Registration of central paths and colonic polyps between supine and prone scans in computed tomography colonography: Pilot study
An example of the comparison of (left-right), (anterior-posterior), and (superior-inferior) coordinates of supine (solid line) and prone (dashed line) colon centerlines as functions of distance from the anus.
An example of 3D view of prone (1) and supine (2) colon images, from one patient, segmented using fixed intensity threshold at .
An example of the distribution of LEPs along the axis for both prone and supine paths. LEPs are obtained by numerical differentiation following Gaussian smoothing.
Pseudo code that recursively matches LEPs for one axis. RL is the “recursion limit.” Initially, the function is called with . Since the arrays are passed between recursion levels by address, their contents can be modified and stored during recursion. At every recursion level, is updated and passed into the next recursion as an input parameter. The final value of is the output of this routine.
(1), (2), and (3) are frequency histograms of variable , variable , and variable , respectively, using 120 landmarks [for (1) and (2)] and 26 matched polyp pairs [for (3)]. Each subfigure gives the corresponding maximum likelihood fit (solid curves) for a half normal distribution. The two dashed lines above and below the fitted curve are the 95% bootstrap interval.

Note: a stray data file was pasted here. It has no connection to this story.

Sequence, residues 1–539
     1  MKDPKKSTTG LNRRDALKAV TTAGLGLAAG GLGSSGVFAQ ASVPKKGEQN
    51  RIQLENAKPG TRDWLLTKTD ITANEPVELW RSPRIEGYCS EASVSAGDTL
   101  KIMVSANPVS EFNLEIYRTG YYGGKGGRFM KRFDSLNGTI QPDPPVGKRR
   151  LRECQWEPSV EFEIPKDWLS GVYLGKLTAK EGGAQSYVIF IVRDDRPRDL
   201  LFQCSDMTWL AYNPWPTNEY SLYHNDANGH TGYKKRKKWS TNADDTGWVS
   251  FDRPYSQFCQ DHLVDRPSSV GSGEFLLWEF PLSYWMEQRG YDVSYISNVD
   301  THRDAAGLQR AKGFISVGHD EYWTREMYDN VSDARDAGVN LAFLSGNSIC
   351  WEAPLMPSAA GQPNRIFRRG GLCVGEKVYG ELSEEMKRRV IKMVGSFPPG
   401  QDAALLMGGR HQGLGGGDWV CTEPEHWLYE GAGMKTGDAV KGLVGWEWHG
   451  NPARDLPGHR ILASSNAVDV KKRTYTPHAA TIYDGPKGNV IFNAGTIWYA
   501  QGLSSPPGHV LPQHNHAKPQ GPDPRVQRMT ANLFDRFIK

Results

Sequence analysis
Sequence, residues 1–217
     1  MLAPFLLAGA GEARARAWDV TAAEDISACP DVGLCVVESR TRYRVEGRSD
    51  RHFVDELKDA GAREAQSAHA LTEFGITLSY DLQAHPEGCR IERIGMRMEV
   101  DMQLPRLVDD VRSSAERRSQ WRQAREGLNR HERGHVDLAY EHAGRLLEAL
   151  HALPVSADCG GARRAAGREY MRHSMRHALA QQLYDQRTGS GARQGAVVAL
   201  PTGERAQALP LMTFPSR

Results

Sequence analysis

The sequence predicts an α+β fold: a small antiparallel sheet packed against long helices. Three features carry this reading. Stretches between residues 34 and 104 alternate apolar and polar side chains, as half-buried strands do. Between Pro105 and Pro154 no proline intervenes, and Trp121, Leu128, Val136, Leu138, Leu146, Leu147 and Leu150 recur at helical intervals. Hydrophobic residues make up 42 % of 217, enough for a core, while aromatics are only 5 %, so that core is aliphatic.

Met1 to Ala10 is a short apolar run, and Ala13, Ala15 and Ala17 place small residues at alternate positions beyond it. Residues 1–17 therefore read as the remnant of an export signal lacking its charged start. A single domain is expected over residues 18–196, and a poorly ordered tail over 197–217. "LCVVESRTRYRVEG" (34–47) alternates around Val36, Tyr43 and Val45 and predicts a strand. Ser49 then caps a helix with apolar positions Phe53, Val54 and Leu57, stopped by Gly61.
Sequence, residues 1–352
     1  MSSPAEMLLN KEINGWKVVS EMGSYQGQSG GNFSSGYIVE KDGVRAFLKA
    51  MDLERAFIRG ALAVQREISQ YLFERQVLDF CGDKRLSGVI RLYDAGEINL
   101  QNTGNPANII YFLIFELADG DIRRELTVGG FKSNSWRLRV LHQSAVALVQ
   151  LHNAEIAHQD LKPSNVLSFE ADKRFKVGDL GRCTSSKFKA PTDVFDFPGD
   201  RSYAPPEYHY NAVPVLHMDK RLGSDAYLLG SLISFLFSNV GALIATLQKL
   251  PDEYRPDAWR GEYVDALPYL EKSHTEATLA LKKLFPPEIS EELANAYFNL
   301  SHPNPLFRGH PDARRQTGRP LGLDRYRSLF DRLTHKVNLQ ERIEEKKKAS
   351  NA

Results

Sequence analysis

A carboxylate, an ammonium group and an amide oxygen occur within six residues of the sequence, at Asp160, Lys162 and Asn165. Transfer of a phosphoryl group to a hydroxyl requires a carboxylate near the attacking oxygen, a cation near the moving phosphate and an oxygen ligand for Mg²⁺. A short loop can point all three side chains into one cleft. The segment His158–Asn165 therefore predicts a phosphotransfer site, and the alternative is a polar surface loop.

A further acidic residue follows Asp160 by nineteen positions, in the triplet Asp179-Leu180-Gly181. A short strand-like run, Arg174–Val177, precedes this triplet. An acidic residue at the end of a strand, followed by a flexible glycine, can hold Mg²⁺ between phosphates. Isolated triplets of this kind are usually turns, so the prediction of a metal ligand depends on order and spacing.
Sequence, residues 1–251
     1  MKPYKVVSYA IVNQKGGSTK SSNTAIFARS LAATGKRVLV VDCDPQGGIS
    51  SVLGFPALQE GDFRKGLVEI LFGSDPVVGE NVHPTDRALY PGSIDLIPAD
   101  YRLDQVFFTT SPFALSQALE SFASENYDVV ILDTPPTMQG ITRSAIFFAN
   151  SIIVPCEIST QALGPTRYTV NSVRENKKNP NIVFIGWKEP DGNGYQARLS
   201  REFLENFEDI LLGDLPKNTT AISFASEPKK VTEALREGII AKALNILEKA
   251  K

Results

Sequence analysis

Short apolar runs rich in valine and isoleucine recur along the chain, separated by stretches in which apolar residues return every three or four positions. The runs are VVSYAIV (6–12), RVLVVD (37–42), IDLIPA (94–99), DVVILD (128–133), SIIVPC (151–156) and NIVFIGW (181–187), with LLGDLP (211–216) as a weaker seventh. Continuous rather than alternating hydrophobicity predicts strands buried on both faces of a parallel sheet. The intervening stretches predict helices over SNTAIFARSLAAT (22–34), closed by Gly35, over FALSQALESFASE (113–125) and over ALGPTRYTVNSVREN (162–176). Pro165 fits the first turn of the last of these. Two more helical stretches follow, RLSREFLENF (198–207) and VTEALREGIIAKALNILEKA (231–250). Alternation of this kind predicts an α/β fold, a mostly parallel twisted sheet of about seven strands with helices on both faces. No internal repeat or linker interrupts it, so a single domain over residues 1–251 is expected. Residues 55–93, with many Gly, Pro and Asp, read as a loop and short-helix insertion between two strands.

Illustration of the dynamic programming scheme for solving the optimal matching of S set (with ordered elements) and P set (with ordered elements). Suppose for cases (0)–(4) elements included in a polygon are optimally matched, i.e., the sum of the matching scores is maximized. When the strict ordering is preserved, the optimal matching for case (0) can only be one of the three cases (1)–(3), i.e., whichever case that has the largest total score. Case (4) is proposed when the strict ordering condition is slightly relaxed by allowing cross matching the two pairs of neighboring elements. Therefore, if the optimal solutions for the structures included in the polygons in cases (1)–(4) can be found, the optimal solution for case (0) is equal to one of the cases (1)–(4) that produces the largest sum of match scores.
Average (over 24 patients) mean misalignment distance vs number of iterations at five different recursion limits. Note provided the smallest misalignment over the widest number of iterations.
An example showing the coordinates vs path distance, to illustrate the pre- and postregistration correspondence between supine and prone paths.
Unregistered, base line-adjusted, and registered mean misalignment distances for all 24 cases.
Descriptions of the symbols used in representing the polyp registration results in Tables II–IV.
Results for matching only the polyps listed in the reference standard, using the polyp registration algorithm. The cases are numbered the same as in Fig. 9.
Results for applying the polyp registration algorithm to match the top 30 CAD hits from prone and supine data sets.
The average number of CAD hits per polyp in one of the two scans that would need to be viewed to match its correct counterpart in the other. Results are presented for sorting the CAD hits by polyp match scores and for sorting the hits by relative path distance.
Cases with missing colonic segments due to locally poor distension and/or cleansing. : length of missing colon segment(s); : total path length; MMD: mean misalignment distance following path registration. The cases are numbered the same as in Fig. 9.
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